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For a wage of 40k (pre tax?), spending 202k i.e. 5 years pre tax income on a starter home seems a little excessive.

+1. They seem to be quoting 4.5 x salary with a 10% deposit, which is a crazy (and risky) multiple. I would also question the use of median income - if this is a median of all incomes, surely we would expect FTB's to be somewhere at the lower end of the range, which would make these multiples even more ridiculous. How long can it go on? I guess for as long as the govt keeps facilitating sub-prime through HTB and BTL keeps taking up the slack. So maybe a while.

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+1. They seem to be quoting 4.5 x salary with a 10% deposit, which is a crazy (and risky) multiple. I would also question the use of median income - if this is a median of all incomes, surely we would expect FTB's to be somewhere at the lower end of the range, which would make these multiples even more ridiculous.

Are you talking about the FTBs of 20 years ago, or the FTBs of today? Average age of FTB today is very roughly 35 (taking into consideration those who get BOMAD help and those who don't), so hopefully they're considerably further on in their career.

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Are you talking about the FTBs of 20 years ago, or the FTBs of today? Average age of FTB today is very roughly 35 (taking into consideration those who get BOMAD help and those who don't), so hopefully they're considerably further on in their career.

I suppose that is true now, and peak earnings are on average 42 (I think?) so not as much difference as there used to be.. a subtle shifting of the goalposts in some ways, as FTB's used to be mid-late twenties, often a year or two out of university. In fact, expected rapid wage increases after purchase of first home was a very significant supporter of the housing "ladder" and that is now all but gone.

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Minimising investment expenses and taxes are two things I work hard at. I prefer the return in my pocket rather than handing it over for bankers/politicians follies.

Is there an idiots guide to get started doing this? am 36 this week, woo hoo, but concerned that despite significant savings (in my mind) I don't know where to start with getting pensions/tax free savings.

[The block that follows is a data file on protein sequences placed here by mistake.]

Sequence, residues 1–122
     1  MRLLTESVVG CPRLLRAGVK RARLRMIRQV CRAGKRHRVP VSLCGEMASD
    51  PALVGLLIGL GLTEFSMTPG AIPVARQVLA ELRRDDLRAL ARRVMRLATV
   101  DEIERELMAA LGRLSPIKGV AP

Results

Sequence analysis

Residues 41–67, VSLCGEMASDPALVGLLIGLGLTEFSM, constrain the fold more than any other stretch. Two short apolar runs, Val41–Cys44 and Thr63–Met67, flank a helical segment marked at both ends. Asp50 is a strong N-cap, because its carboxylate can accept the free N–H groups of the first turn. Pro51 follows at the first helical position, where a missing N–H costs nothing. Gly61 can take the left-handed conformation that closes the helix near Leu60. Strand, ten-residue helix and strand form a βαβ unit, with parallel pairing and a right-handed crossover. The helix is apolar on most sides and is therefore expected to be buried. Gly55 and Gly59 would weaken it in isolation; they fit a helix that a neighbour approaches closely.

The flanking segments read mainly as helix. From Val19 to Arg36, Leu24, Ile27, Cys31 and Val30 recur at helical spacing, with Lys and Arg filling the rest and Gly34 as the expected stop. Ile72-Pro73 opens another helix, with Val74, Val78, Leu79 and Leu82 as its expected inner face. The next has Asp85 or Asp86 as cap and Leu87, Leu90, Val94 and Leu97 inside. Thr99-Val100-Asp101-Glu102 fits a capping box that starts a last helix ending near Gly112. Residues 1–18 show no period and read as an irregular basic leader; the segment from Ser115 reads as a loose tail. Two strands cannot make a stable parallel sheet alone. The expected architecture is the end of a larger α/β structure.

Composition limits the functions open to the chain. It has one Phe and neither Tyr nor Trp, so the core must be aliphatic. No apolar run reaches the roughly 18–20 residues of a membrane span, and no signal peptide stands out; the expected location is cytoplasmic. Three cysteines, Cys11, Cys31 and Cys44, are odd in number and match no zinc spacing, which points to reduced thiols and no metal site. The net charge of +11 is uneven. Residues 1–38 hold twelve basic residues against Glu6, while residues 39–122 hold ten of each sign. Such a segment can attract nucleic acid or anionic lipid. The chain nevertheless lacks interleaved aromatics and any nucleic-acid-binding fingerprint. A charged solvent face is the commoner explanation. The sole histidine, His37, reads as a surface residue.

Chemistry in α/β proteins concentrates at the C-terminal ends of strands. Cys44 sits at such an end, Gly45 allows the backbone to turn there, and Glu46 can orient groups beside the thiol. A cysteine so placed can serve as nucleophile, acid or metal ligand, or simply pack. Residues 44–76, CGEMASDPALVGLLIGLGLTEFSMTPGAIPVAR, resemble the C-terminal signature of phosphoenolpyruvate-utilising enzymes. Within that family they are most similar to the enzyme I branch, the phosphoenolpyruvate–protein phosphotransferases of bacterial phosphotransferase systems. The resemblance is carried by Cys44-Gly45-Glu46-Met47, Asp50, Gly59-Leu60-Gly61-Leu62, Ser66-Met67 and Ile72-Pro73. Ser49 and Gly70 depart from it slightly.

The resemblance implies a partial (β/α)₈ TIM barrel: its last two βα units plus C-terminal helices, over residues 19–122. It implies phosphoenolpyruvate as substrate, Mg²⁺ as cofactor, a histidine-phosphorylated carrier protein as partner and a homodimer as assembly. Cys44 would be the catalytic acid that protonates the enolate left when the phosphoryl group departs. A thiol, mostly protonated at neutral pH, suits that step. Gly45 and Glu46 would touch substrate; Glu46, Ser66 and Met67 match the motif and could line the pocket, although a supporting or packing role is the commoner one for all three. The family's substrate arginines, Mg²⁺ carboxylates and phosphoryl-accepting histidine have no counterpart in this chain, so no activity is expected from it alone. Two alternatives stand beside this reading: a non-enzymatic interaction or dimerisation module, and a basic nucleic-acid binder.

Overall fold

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Are you talking about the FTBs of 20 years ago, or the FTBs of today? Average age of FTB today is very roughly 35 (taking into consideration those who get BOMAD help and those who don't), so hopefully they're considerably further on in their career.

In another twenty years it'll be 55 :lol:

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That table says it all --- AND it's being VERY generous with "average" incomes...... We all know the REALITY is FAR worse than that....

And - WHAT was the ROOT CAUSE of all this????

Answer: PREDATORY LIAR LOANS

Which were DELIBERATELY PLANNED, ORGANISED, ORCHESTRATED AND INSTIGATED BY THE VESTED INTERESTS.

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No longer about earnings all to do about wealth, being in the right place at the right time, family wealth, being born to the right people.......income only pays a small part when it comes to buying a home in many places.......income has to be earned though hard work, wealth is a given. ;)

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Is there an idiots guide to get started doing this? am 36 this week, woo hoo, but concerned that despite significant savings (in my mind) I don't know where to start with getting pensions/tax free savings.

I've plotted my journey warts and all since 2009 on my blog - Retirement Investing Today. From nowhere in 2007 I've now accrued 85% of the wealth I'll need for Early Retirement. I'm on target for that to occur by age 43 and I started only a couple of years earlier than yourself at age 34. The blog is all about Saving Hard and Investing Wisely for Early Retirement. 7 years in the most interesting thing for me on this journey has been that every year bar one the biggest wealth gain came from saving rather than investing. A good book that helped me on the investment front is Tim Hale's : Smarter Investing. Oh and one other thing is that I've achieved it all while a dirty renter with no BTL. Good luck with it.